Eat This

Five Dallas Vegan and Vegetarian Restaurants That Are All About a Plant-Based Diet

The International Buddhist Progress Society's vegan buffet gives vegetarians and vegans a quick $6 lunch option.
The International Buddhist Progress Society's vegan buffet gives vegetarians and vegans a quick $6 lunch option. Paige Weaver
Maybe you're on the Meatless Monday train, or perhaps you haven't had pork since the '90s. Maybe you're just feeling a bit too overindulged lately and could use a few extra vegetables in your diet. Either way, plant-based vegetarian and vegan restaurants are proliferating across North Texas, so it's easier than ever to fill up on food that won't kill you. Here are a few of our favorite spots.

The International Buddhist Progress Society
For just $6, you can get your fill of vegetarian food at this Richardson Buddhist temple's veggie-packed lunch buffet.

Recipe Oak Cliff's jack fruit barbecue plate, $9.95, can be made as a sandwich, salad or pizza.
Paige Weaver
Recipe Oak Cliff
With the goal of bringing quick, affordable vegan fare to the South Dallas food desert, Recipe Oak Cliff serves juices, smoothies, and a daily menu of vegan, raw and "live" food.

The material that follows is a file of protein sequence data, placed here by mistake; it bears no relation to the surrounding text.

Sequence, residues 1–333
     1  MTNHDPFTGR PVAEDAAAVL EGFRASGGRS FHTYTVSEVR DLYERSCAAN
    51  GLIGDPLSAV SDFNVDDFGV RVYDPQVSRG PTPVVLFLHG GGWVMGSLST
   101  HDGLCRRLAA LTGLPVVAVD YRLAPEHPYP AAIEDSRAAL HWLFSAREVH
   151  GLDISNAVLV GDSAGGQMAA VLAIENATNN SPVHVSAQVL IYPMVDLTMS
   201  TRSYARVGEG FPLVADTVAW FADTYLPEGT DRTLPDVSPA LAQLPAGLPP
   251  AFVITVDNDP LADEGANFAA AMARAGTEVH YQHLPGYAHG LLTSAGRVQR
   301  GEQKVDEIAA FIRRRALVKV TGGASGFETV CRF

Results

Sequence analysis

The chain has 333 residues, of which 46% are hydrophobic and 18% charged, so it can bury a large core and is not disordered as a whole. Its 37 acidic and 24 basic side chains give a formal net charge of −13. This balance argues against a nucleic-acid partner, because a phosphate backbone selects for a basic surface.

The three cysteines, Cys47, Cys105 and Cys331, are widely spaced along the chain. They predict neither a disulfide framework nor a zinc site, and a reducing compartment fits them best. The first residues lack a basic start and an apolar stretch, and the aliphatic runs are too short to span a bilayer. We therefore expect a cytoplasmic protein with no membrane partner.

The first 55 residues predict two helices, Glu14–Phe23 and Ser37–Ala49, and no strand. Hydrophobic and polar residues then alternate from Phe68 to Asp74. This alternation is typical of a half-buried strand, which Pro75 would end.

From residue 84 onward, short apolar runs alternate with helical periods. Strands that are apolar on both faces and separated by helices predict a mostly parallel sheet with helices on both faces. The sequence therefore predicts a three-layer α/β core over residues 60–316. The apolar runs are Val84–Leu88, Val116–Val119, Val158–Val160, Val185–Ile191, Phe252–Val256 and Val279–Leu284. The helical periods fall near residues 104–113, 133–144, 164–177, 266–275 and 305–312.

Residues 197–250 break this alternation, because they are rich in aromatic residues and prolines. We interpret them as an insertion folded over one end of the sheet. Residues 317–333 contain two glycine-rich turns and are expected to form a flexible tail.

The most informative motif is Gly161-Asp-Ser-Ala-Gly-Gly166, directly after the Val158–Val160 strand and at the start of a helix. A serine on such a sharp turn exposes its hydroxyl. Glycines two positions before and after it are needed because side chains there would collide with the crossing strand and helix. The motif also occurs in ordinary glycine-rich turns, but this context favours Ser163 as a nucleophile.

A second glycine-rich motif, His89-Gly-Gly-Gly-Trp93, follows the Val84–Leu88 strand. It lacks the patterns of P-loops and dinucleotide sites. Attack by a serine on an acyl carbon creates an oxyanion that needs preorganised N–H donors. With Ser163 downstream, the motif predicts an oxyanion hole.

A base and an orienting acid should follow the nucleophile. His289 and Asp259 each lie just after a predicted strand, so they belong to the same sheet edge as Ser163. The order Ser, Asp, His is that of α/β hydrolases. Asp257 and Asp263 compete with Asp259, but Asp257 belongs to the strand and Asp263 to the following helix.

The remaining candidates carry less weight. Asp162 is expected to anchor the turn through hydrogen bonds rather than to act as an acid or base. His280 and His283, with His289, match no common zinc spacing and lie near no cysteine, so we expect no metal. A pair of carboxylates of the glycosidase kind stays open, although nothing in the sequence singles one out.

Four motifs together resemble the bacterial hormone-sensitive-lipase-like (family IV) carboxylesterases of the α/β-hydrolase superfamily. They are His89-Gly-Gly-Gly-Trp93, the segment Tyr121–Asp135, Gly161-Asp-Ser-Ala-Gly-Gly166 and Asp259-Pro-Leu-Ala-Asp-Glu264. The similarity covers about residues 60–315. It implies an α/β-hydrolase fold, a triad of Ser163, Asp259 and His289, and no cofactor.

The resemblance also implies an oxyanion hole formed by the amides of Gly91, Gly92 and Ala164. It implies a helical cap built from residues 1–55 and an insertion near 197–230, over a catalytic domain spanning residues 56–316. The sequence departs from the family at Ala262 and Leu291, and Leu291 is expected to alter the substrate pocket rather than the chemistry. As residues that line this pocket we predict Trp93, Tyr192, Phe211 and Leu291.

Gopal's Gujarati Thali.
Paige Weaver
Gopal Vegetarian Restaurant
This Richardson Indian restaurant specializes in traditional Gujarati Thali, a platter made up of several small portions of various vegetarian Indian dishes.

Plant-based eaters can grab food in a jiffy at this grab-and-go-friendly spot.
Paige Weaver
Nature's Plate
So you want a plant-based meal in a hurry? Nature's Plate offers grab-and-go food and weekly meal plans with one storefront in Lake Highlands and another opening soon at Preston and Forest.

Breakfast tacos at Tribal All Day Cafe.
Beth Rankin
Tribal All Day Cafe
This trendy new Bishop Arts cafe serves healthy plant-based meals, fresh-pressed juices and even moderately healthy cocktails made with fresh juice.
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Beth Rankin is an Ohio native and Cicerone-certified beer server who specializes in social media, food and drink, travel and news reporting. Her belief system revolves around the significance of Topo Chico, the refusal to eat crawfish out of season and the importance of local and regional foodways.
Contact: Beth Rankin